Soul Care

Soul Care

I had been looking forward to having a soul care day today. Tonight, my soul is thanking me.

This morning I got to spend some time with an incredible mom….a mom who’s missing her son. Just like I’m missing Chandler. There is so much you don’t have to say when you’re with someone who already gets it. But sometimes you say it anyway because there is a deep connection, an understanding between the two of you, that is reassuring, comforting. The knowing nod, the tear in the eye — these are not obligatory or courteous responses. They are rooted in a shared experience, a common grief. Her pain is my pain. And mine is hers.

This woman is so wise and runs so deep. I took her words with me to the beach after our time together at the coffee shop.

I paid for four hours of parking, strapped on my beach chair, umbrella, and backpack, and headed down the steep hill to Salt Creek Beach.

The phrase that echoed in my mind throughout my entire four hours was, “This is perfect.”

The sky was the most calming yet vibrant shade of blue. The waves, aaahhh, the gently rolling waves. Just the sound always speaks peace to my soul. The sand was warm and welcomed me to set up my space for the day.

I reclined my beach chair, closed my eyes, and allowed myself to just be.

After a while, I propped up my chair, pulled out my journal and my purple gel pen, and began to write down some of the things my friend and I had talked about this morning. I want to remember her words. She doesn’t just say stuff. It’s like she has this wisdom filter that her words go through before they exit her mouth, so when you hear them, you want to write them down.

Next, I opened up my latest read, The Choice. It’s the true story of a holocaust survivor and her path to freedom, physically and emotionally. One of the passages I underlined in purple was:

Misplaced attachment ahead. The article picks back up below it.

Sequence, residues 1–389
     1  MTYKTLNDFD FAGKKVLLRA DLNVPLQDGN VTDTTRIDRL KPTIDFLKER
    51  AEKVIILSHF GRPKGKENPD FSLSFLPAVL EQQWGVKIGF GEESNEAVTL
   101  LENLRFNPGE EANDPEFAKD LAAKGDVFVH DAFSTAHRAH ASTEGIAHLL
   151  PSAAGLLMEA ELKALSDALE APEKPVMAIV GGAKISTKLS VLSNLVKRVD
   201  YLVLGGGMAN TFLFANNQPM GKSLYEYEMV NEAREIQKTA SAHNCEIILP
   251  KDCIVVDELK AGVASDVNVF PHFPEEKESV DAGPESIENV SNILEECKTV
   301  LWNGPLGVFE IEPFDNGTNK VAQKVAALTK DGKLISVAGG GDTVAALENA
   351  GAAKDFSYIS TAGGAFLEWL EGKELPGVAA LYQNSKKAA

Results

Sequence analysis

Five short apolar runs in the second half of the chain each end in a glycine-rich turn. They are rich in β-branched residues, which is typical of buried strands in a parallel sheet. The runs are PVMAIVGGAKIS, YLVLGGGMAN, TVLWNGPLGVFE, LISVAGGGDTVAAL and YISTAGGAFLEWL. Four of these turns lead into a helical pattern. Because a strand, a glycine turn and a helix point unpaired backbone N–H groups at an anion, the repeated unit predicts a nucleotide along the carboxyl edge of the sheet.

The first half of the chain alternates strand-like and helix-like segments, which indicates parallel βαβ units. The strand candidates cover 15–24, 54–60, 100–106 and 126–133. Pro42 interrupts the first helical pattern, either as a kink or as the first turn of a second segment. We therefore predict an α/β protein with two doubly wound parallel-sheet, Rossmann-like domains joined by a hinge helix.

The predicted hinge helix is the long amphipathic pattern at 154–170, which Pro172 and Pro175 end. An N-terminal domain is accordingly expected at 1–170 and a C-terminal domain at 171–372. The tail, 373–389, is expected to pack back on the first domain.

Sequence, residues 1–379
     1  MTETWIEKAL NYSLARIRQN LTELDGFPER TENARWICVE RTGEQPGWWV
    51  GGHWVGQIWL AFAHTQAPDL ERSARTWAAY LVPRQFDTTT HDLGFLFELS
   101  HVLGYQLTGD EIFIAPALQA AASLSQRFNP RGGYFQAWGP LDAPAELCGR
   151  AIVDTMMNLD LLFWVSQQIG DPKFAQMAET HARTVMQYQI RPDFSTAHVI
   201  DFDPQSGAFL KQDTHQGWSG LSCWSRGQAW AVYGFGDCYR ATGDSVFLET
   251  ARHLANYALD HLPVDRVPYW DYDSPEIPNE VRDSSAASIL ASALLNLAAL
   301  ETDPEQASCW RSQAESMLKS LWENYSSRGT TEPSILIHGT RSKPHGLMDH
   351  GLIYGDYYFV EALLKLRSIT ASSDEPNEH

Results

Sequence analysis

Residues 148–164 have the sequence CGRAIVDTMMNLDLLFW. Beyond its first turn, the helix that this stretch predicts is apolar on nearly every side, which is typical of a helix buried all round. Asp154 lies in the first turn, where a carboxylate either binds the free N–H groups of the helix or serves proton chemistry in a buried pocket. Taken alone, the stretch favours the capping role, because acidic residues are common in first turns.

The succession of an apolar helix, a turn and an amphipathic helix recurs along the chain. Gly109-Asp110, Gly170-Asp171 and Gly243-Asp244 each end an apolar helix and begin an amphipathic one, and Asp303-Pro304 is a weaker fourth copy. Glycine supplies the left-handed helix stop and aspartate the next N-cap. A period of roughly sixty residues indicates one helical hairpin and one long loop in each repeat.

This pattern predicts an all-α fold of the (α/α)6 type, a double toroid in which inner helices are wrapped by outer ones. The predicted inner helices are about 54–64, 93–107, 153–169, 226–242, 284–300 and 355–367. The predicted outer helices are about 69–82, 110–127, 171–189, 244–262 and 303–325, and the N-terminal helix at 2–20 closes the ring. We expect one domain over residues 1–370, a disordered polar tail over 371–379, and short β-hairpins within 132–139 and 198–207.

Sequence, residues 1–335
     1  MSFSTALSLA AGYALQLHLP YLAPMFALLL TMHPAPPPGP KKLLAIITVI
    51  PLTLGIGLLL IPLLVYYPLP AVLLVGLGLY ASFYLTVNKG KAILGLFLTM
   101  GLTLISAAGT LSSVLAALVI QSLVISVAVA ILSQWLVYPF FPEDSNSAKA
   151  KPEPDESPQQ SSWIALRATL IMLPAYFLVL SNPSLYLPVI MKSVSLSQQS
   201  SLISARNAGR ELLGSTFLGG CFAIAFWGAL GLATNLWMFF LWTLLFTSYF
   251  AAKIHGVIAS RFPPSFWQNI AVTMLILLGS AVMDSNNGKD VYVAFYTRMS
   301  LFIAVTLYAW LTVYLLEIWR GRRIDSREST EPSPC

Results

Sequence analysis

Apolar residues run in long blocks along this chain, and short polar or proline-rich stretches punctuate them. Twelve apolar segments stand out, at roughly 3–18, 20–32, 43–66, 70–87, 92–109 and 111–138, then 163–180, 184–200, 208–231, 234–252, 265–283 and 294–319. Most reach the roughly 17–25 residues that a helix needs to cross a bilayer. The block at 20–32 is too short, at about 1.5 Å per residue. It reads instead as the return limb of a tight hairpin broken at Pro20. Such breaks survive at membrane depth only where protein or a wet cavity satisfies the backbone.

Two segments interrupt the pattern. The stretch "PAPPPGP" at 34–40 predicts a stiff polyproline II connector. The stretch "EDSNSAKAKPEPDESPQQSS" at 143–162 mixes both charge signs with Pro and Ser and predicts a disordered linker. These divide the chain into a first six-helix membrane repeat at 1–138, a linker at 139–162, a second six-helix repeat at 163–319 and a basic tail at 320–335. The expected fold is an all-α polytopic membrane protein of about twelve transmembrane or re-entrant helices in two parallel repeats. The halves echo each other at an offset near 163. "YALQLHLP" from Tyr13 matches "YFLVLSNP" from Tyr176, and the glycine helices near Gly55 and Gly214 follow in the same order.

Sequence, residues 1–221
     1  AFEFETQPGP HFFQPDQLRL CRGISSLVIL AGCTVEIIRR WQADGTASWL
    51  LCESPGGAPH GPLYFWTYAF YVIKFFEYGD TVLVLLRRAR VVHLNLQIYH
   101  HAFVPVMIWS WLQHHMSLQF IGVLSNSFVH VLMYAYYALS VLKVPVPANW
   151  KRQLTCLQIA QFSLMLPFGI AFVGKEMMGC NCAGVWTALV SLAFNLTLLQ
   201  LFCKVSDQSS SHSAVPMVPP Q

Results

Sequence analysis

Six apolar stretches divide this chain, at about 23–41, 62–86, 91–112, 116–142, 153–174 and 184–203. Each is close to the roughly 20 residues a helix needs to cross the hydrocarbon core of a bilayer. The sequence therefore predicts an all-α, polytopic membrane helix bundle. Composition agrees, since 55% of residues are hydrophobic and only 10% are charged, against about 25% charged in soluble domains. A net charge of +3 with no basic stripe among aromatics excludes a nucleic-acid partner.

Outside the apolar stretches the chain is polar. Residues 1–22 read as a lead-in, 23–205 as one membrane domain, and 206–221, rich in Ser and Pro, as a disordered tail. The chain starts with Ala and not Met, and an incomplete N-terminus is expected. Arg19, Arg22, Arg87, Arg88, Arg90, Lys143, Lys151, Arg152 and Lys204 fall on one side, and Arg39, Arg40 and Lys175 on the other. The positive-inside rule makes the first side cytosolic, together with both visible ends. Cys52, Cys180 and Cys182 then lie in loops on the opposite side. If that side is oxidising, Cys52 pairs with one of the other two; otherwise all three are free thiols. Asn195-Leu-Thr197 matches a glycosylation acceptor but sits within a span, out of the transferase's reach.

To be passive is to let others decide for you. To be aggressive is to decide for others. To be assertive is to decide for yourself. And to trust that there is enough, that you are enough. Dr. Edith Eva Eger

That’s a lot to digest. It speaks to my current learning curve — to be confident in my decisions, to trust my heart.

I took a break from reading to go for a long walk on the beach. When I reached the end of the stretch of accessible beach, I turned around and decided to run back to my spot. It’s crazy how much harder it is to run in sand than on hard ground! Let’s just say if Rocky Balboa had trained on the beaches of SoCal instead of on the streets of Philadelphia, his first fight may have taken a different turn.

Post-run, while sitting on my chair munching on my Trader Joe’s broccoli kale chicken salad, I listened to my heart and made a decision about something that needed to be decided today. I refrained from overthinking and analyzing my decision or backpedaling. It took less energy to simply listen and follow my heart than to take a couple of steps toward following my heart and then begin dissecting every part of the decision to check for logic, practicality, worst case scenarios, how it will affect every person’s life on planet earth, etc., etc., etc. My plan is to continue utilizing this new “follow your heart path” operating system.

I trudged up the hill ten minutes before my parking pass would expire, grateful that my legs would carry me up that incline carrying all my stuff.

Tonight I went to dinner and a movie with friends. I highly recommend the Kilauea (pepper-crusted burger with spicy jack cheese and crispy onions) at Islands.

Today — from morning until pre-bedtime — only things that fed my soul. And my belly.

Thank you, God, for every intricate detail you designed in nature. The magnetic forces that pull the foaming waves toward the shore, the vast array of colors landscaping the cliffs by the ocean, even the shades of blue painted across the sky. Thank you for good people to share life with. Thank you for health. For books to read that inspire and challenge. Thank you for a nice, long soul care day. Amen.



Consider the Waterpik

Consider the Waterpik